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George Teschner [9]George Albert Teschner [1]
  1. Wikies and Rethinking Author-Ity.George Teschner - 2011 - Philosophy in the Contemporary World 18 (1):11-18.
    The Wiki represents a legitimate form of literature that requires a deep rethinking of how texts are produced and consumed. In order to understand and evaluate the Wiki, Barthes' distinction between Text and Work, and the critique of authorship found in the writings of both Barthes and Foucault are employed. The Wiki is a genre of literature, which like Barthes' concept of the Text, is without identifiable authorship, and its production is directly related to semantic conventions governing the text as (...)
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  2.  23
    Anxiety, Anger and the Concept of Agency and Action in the Bhagavad Git.George Teschner - 1992 - Asian Philosophy 2 (1):61 – 77.
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  3.  12
    Technological Paradigm in Ancient Taoism.George Teschner & Alessandro Tomasi - 2009 - Techné: Research in Philosophy and Technology 13 (3):190-205.
    Heidegger, Winner, and Ellul's critiques of Western technology focus on a notion of efficiency that subordinates to itself all non-instrumental values. An alternative conception of efficiency is proposed based on the Taoist theory of non-action. The ancient Taoist text, The Chuang Tzu, reveals a type of efficiency that is effective, resourceful, and entrepreneurial. It is a form of action which has an intimate rather than alienated relation to technology, and which is sensitive to the ethical and aesthetic values that Heidegger (...)
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  4.  43
    The Humanities and Telecommunication Technology.George Teschner - 2001 - The Proceedings of the Twentieth World Congress of Philosophy 2001:247-257.
    Contemporary technology in the form of electronically managed interactive telecommunications is compatible with the goals and values of the humanities. Computerized communication (especially that of bulletin board technology) inverts the relationship between the degree of communicative interaction and the number of communicants. It is both mass communication and individualized participation. From the point of view of a theory of discourse, the bulletin board system is unique in that the ratio between the number of participants and the individualized nature of the (...)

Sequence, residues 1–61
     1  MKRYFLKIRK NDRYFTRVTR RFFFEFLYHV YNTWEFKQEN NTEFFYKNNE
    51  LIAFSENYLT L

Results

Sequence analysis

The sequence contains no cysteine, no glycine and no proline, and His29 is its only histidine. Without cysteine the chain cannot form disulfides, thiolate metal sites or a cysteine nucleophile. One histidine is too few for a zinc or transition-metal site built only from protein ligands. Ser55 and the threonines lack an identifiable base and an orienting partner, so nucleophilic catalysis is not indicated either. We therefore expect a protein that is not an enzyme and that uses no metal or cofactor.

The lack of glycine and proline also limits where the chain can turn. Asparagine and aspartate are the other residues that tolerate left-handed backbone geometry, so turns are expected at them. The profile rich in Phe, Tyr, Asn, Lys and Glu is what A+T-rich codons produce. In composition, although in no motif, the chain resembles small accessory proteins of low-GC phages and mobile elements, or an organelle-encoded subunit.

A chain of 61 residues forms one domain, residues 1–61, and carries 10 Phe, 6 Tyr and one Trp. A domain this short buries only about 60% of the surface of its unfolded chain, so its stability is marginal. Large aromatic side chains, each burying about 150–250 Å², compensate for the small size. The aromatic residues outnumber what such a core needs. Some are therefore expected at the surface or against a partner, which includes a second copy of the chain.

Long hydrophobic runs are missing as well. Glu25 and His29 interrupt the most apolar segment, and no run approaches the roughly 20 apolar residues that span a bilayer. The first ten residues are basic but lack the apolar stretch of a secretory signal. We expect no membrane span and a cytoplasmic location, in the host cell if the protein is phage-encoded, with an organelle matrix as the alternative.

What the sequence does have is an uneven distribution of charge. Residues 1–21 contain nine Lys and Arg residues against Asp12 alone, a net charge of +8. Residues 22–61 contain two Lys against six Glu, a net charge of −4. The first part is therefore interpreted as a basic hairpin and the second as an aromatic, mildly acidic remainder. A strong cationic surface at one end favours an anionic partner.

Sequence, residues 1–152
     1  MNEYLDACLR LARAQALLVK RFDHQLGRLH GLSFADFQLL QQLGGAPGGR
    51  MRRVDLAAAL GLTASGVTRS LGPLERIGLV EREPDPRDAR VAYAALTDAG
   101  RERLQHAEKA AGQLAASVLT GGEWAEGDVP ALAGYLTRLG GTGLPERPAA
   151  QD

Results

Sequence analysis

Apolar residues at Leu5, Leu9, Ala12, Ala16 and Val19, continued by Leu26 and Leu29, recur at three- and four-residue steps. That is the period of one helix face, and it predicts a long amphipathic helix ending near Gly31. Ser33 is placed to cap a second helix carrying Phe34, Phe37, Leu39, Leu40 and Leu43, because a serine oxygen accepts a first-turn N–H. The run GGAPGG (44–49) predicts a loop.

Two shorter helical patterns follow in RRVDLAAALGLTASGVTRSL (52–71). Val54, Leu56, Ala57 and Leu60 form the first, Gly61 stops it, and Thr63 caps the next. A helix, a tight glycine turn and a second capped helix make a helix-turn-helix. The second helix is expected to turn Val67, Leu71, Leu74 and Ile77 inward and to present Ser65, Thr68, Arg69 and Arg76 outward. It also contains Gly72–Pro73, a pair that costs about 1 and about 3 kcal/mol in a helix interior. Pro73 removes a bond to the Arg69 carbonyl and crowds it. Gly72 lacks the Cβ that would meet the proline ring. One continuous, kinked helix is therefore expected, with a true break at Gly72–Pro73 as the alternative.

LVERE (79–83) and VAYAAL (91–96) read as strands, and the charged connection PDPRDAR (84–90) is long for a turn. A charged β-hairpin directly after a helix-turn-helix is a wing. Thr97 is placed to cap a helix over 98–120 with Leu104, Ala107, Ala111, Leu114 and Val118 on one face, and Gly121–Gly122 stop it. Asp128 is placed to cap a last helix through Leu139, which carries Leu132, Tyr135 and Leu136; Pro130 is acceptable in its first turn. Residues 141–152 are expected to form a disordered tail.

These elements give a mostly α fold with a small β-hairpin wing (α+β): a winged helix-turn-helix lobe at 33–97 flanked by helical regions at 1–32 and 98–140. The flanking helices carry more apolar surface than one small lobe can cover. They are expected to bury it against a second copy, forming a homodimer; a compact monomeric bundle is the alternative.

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  5.  41
    The Undifferentiated Conjunction of Sensation and Judgment in Perception.George Teschner - 1981 - Philosophy and Phenomenological Research 42 (September):119-122.
  6.  30
    The Relation Between Mind and Body in the Surangama Sutra.George Teschner - 1981 - Journal of Indian Philosophy 9 (1):77-83.
    The article examines the polemic in the surangama sutra against the possibility of establishing any spacial relation between consciousness, the sense organs, and the external world. the arguments lead to the negative conclusion that consciousness cannot be said to have spacial location without contradicting experience. the article then takes this argument and applies it to the physiology of vision showing that visual perception cannot, in principle, be located neurologically.
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  7.  32
    Terrorism, Singularity, and the Phenomenology of Understanding.George Teschner - 2008 - Philosophy in the Contemporary World 15 (1):32-43.
    This paper discusses international terrorism and the diagnosis of terrorism that is found in Baudrillard, Habermas, and Derrida. The paper suggests a way of responding to terrorism based upon Gadanler’s understanding of Bildung. Terrorism is analyzed as arising out of an encounter between singularities that are experienced as otherness and alterity. Gadamer’s distinction between the humanities and the natural and social sciences reveals two fundamentally different epistemological orientations. Philosophical understanding is essentially hermeneutic and treats the phenomenon of terrorism symbolicaIly, in (...)
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  8.  21
    It is More Difficult to Crush a Flower.George Teschner - 1986 - Philosophy East and West 36 (4):409-418.
  9. The Humanities and Telecommunication.George Teschner - 1998 - The Paideia Archive: Twentieth World Congress of Philosophy 39:54-60.
    Contemporary technology in the form of electronically managed interactive telecommunications is compatible with the goals and values of the humanities. For Marx, machine-work tended toward being mechanically routine, repetitive, deskilled, and trivialized. In the case of discourse, the same criticism has been made of computerized communication. Immediacy is not authorial presence, but the experience of textuality that is maximized by participation in interactive communication. Bulletin board technology inverts the relationship between the degree of communicative interaction and the number of communicants. (...)
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